“Within these Walls… Armageddon!” French edition

I recently picked up the French Superman Géant #23 issue (Jan/Feb/March 1984), mostly for the back cover, which features one of my favorite pieces of early MOTU photography. The photo includes first release/test market blue beard Stratos, orange cheeks Skeletor, striped tail Battle Cat, red dots helmet Man-At-Arms, and a third generation Teela prototype with She-Ra-like leg articulation:

But, aside from that, the issue also features the French edition of the 1983 DC Comics story, Within these Walls… Armageddon! (Apocalypse à la Forteresse). The story was the third in a three-part story that also included To Tempt The Gods and The Key To Castle Grayskull.

So what’s different compared to the US version? Aside from being translated into French, this edition is only half colored. But the pages that are colored look much cleaner than the US edition, so I thought there might be some interest in a scan of the entire story. Enjoy!


Mer-Man’s Betrayal

There’s a fun side story in the January 1983 The Key to Castle Grayskull comic that I’d like to take a closer look at this week. The story (written by Paul Kupperberg, art by George Tuska, Alfredo Alcala, and Adrienne Roy) is part two of a three-part mini series published by DC comics, wherein Skeletor kidnaps the Goddess and forces He-Man and his friends to go on a long quest to retrieve three magical talismans that would give Skeletor access to both halves of the power sword.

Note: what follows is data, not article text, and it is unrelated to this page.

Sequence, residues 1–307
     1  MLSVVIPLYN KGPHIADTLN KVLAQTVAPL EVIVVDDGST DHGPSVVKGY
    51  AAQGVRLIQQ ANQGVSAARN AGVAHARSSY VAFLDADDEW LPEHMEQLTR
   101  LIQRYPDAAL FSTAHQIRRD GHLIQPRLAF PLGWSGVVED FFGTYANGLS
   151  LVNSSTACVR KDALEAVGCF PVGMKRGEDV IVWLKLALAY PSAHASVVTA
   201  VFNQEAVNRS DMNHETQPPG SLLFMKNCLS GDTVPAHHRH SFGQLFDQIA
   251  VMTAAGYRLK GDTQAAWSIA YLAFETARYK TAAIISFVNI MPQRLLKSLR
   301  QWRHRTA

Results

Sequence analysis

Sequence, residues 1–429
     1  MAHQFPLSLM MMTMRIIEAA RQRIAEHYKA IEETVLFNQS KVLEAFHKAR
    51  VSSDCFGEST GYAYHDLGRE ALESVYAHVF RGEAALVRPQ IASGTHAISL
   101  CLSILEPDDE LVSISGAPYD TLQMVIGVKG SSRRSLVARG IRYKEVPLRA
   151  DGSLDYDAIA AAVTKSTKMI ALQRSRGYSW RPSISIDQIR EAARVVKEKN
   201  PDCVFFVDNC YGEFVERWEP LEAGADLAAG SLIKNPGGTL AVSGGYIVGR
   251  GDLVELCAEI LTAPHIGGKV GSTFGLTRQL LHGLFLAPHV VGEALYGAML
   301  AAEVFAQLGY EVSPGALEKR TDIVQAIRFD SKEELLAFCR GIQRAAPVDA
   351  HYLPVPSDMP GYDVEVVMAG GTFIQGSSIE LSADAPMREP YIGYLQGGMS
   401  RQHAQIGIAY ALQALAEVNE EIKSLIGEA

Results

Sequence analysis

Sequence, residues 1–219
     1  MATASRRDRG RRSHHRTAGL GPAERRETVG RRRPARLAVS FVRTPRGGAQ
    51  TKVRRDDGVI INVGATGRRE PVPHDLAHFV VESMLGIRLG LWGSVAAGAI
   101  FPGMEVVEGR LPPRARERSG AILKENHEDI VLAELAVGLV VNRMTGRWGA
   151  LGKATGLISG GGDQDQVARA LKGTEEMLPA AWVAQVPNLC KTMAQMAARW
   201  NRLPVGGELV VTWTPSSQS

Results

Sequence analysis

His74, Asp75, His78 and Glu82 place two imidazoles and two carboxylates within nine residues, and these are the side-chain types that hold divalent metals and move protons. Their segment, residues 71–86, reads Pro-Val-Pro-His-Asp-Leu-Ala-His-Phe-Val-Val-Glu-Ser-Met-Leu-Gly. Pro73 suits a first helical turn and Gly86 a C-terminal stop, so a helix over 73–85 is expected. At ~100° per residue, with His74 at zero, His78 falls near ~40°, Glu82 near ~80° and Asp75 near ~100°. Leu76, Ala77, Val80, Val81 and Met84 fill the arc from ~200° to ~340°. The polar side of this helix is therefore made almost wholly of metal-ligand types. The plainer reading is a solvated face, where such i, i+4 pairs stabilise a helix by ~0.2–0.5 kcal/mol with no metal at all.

In an effort to retrieve the Talisman of the Sea, Man-At-Arms, Teela and Stratos take the Wind Raider to the Sea of Blackness, located in a sunless area of Eternia (probably the dark hemisphere).

Ingesting a magic potion that gives them the ability to breathe under water for one hour, they dive beneath the waves in search of the Talisman.

As they dive deeper into the water, they discover a luminous city on the ocean floor:

Mer-Man, leading a force of mer-people, seeks to block the heroes from accessing the Talisman. He reveals that he intends to thwart Skeletor’s plan and get the talismans for himself, so that he can get the power sword and rule over Eternia. Mer-Man’s depiction here is based on his appearance in the cross sell artwork that appeared on action figure cardbacks.

Incidentally, the red mer-person above was reused by Ted Mayer in his illustration for the unproduced concept “Zap’n’Go” vehicle:

The battle starts to go badly for the heroic warriors. Then Skeletor shows up, and things start to go very badly for Mer-Man.

The moral of today’s story is that it doesn’t pay to double-cross Skeletor!